[texhax] tex vs latex
c.a.rowley at open.ac.uk
c.a.rowley at open.ac.uk
Wed Oct 28 23:57:43 CET 2009
At 06:35 28.10.09, Pierre MacKay wrote:
>It is nonsense to speak of LaTeX as developing, while TeX is not. LaTeX
>is a macro package built on top of TeX. It can not "develop" in the sense
>of altering the basic engine, because Donald Knuth has taken great care to
>ensure archival compatibility for all input files that ever ran in TeX3.
But that basic monolithic engine and its carefully constructed collection of beautiful but bizarre basic assumptions, limitations, overloadings, quasi-optimisations (need I go on?) has been precisiely the stimulus for major LaTeX kernel developments (and maybe some packages too) over the deacdes. These have been developed precisely to remove or work-around primitive (in the TeXnical sense) many of TeX's severe limitaions and quirks. Leslie started this process of removing Knuth's more whacky ideas from ever being used by good LaTeX code and some recent experimental stuff devloped by my colleagues turns off a very large
percentage of the algorithms and code in TeX: The Program (to pursue the car-driving analaogy far too far, that's the book for the materials engineers which of course provides masses of useful information about why certain cars have the steering characteristics that are so essential to Phil's driving techniques).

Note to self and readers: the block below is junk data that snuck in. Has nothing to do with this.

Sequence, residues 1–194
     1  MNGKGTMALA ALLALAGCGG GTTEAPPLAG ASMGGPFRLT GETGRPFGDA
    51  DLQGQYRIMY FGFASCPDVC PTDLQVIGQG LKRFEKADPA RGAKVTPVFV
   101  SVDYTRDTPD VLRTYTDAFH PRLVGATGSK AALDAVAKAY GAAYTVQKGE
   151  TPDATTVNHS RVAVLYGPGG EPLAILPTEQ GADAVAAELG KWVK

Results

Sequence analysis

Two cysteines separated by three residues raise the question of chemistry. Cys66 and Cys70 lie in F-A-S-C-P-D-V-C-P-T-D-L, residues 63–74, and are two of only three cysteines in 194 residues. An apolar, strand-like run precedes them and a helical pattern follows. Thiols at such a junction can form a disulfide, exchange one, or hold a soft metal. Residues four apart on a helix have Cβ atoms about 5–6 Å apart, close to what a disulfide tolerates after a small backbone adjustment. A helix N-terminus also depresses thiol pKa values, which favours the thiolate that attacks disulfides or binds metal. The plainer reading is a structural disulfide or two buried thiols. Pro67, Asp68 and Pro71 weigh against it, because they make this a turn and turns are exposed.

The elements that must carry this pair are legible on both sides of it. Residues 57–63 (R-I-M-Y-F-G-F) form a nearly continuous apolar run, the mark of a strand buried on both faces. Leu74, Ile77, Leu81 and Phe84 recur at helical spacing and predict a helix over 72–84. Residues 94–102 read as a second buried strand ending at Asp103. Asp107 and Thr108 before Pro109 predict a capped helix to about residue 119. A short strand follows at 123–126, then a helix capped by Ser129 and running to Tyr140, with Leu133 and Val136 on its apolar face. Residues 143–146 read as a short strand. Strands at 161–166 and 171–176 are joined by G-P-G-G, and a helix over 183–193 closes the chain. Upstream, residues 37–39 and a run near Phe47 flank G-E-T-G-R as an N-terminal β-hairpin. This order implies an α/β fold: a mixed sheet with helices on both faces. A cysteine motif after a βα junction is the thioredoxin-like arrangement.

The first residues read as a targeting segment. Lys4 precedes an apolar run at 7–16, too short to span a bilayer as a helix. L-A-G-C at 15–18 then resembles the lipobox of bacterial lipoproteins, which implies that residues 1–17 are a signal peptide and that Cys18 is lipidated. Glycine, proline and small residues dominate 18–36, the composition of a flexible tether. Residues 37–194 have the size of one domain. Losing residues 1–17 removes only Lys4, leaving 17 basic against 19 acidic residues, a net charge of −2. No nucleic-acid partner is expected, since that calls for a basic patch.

Thus it is no wonder that us ageing boy-racers who think of themselves as innovative engineers and Formula One studs do not like LaTeX.
If I could be bothered to look them up I would refer to Leslie's car metaphor's from 25 or so years ago. But I shall simply note that, for cars (at least in Europe), those decades have seen enormous changes: from the most fundamental engineering at the materials science level to the software and sesnsors at the virtual control level and at all levels in between but most importantly the influence of quality and safety engineering.
All these have led me to have no need at all to understand anything at all about how the car sticks to the road, what speed it does, whether the torque is coirrect, whether the lights are on, etc. etc. Unfortunately I still need to point it in the roughly the rioght direction:-).
Oh, I almost got too distracted: my question/lament is:
Why have the fundamental processes of automated document processing at most levels progressed not at all during that same period? (I exclude font technologies from this indictment.)
Have fun, chris
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